Methods:Paraffin-blocked specimens were collected which had been diagnosed as Mycobacterium tuberculosis osteitis at five hospitals. Tests for molecular differentiation were done twice for every specimen. Real-time PCR of the IS6110 gene and SenX3-RegX3 gene was conducted in order to distinguish Mycobacterium bovis BCG from non-BCG Mycobacterium tuberculosis Complex. Real-time PCR of the 16S rRNA gene, hsp65 gene, 16S rRNA hypervariable sequence was conducted in order to distinguish MTBC from non-tuberculosis Myobacteria. Multiplex real-time PCR of the region of difference 1, 8, 14 was used for the differentiation of the Mycobacterium bovis BCG strain. Base sequencing of the Exact Tandem Repeat D between SenX3 and RegX3 was used for the identification of MTBC including the Mycobacterium bovisBCG strain. In addition, medical records of the confirmed BCG osteitis from participating hospitals were reviewed.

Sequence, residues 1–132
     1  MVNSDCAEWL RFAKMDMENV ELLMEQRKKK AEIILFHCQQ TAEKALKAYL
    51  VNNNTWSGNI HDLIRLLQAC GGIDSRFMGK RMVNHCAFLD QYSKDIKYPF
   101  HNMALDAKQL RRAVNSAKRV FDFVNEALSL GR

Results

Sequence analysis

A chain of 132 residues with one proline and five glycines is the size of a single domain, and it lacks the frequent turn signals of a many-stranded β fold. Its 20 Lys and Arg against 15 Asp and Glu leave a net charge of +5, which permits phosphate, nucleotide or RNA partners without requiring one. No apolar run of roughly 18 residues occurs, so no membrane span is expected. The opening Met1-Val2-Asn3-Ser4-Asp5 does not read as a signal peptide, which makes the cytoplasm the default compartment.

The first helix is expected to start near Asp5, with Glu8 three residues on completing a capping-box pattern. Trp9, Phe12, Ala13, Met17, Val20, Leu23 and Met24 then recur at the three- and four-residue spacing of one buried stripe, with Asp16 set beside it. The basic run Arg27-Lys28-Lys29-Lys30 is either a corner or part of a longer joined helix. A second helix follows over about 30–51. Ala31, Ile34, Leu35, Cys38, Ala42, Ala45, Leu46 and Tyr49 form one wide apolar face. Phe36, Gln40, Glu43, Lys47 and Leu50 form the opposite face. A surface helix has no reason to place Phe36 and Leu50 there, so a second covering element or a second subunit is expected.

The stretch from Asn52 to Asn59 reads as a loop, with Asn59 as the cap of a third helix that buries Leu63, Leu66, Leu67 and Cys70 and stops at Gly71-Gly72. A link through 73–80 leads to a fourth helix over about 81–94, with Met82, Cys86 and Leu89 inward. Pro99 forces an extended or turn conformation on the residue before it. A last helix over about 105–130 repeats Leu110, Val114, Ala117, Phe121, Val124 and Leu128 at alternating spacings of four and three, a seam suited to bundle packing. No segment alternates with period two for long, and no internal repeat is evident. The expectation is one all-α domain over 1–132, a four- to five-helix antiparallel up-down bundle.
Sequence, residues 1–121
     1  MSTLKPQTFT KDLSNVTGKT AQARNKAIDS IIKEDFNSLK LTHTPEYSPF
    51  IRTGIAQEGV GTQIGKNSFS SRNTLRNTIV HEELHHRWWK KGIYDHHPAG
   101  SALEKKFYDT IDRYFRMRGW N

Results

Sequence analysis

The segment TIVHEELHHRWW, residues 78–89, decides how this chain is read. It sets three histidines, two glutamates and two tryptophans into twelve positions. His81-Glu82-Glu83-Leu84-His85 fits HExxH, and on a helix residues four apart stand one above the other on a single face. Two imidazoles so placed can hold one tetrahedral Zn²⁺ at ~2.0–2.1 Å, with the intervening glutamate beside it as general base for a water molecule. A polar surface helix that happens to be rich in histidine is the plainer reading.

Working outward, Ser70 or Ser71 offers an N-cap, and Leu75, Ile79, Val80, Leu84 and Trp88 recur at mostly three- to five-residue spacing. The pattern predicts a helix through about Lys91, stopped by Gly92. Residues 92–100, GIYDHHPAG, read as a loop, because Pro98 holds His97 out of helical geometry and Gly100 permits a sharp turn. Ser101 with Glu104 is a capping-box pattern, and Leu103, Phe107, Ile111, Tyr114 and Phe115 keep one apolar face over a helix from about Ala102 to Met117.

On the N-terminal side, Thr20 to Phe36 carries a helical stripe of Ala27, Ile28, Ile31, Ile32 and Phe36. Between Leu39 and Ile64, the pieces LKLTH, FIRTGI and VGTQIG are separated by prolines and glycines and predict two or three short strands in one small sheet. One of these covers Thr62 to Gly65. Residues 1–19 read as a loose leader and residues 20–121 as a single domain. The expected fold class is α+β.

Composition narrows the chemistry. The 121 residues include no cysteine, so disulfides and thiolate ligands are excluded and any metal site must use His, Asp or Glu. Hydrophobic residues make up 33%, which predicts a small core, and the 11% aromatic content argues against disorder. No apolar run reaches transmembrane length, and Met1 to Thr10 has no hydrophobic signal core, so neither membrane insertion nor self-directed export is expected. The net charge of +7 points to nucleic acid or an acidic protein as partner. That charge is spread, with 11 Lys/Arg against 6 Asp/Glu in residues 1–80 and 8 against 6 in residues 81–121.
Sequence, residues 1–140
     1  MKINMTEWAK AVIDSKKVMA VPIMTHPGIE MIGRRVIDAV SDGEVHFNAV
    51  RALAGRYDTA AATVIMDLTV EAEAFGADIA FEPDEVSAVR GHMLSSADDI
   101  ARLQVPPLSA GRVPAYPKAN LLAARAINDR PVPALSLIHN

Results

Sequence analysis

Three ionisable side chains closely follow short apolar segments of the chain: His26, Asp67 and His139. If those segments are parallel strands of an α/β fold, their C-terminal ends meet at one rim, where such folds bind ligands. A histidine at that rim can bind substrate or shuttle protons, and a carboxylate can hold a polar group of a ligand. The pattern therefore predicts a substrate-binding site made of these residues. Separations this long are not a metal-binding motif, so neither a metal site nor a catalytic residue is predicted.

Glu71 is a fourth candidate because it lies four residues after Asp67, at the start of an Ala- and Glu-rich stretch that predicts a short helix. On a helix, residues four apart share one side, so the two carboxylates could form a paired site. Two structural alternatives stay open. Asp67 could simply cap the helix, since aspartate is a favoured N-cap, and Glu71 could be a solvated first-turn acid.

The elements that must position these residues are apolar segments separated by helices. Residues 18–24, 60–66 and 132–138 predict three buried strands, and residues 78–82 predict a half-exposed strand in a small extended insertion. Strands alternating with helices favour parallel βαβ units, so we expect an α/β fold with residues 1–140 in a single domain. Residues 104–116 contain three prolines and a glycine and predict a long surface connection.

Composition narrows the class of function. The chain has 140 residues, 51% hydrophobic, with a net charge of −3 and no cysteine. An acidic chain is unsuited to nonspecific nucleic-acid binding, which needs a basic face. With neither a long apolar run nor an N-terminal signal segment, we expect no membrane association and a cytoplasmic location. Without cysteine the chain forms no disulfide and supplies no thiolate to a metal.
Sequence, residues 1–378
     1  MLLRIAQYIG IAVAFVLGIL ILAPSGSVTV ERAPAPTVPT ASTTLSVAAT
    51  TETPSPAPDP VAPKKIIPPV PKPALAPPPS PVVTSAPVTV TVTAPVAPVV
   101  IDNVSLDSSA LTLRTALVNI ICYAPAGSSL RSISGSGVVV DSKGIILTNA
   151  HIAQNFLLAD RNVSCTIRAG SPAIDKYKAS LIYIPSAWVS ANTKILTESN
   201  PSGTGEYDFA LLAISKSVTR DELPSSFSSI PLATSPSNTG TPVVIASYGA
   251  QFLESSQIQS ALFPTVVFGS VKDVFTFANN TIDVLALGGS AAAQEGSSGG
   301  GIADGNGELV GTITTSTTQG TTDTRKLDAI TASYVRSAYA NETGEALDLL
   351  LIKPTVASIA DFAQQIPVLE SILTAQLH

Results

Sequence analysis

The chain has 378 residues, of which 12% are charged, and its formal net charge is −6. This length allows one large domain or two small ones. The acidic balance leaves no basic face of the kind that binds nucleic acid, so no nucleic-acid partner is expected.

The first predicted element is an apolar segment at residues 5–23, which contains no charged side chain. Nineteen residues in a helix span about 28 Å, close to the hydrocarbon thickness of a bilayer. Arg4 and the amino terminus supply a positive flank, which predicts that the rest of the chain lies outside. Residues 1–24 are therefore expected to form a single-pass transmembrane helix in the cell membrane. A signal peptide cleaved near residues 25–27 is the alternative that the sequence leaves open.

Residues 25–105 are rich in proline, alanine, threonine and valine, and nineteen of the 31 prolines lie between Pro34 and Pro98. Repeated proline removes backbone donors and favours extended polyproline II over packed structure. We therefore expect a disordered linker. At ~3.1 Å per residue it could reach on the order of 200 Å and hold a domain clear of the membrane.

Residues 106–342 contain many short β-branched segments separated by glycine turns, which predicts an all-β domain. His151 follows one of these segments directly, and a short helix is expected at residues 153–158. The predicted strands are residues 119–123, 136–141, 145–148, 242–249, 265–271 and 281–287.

Results:A total of 104 specimens were collected from 49 patients. Of the 49 patients, 15 patients (30.6%) showed positive gene amplification for mycobacteria: confirmed Mycobacterium tuberculosis infection in 6 patients; probable Mycobacterium tuberculosis infection in 3 patients; probable Mycobacterium bovisBCG infection in 6 patients. Mean age at the diagnosis of the 12 patients was 20.25 months. Ten out of 12 cases received Tokyo strain BCG percutaneously. Most commonly affected site was knee joint in 6 (50.0%) of 12 patients.
Conclusion:Molecular tests that can distinguish Mycobacterium bovis BCG from Mycobacterium tuberculosis demonstrated that 40% (6/15) of the formerly diagnosed Mycobacterium tuberculosis osteitis might be BCG osteitis. The present findings suggest that BCG osteitis may be underrecognized in the countries where BCG is routinely vaccinated and molecular distinction is warranted for the cases when mycobacterial infection is suggested.
K. S. Bae,
J. H. Choi, None
E. H. Choi, None
H. J. Lee, None
J. H. Kim, None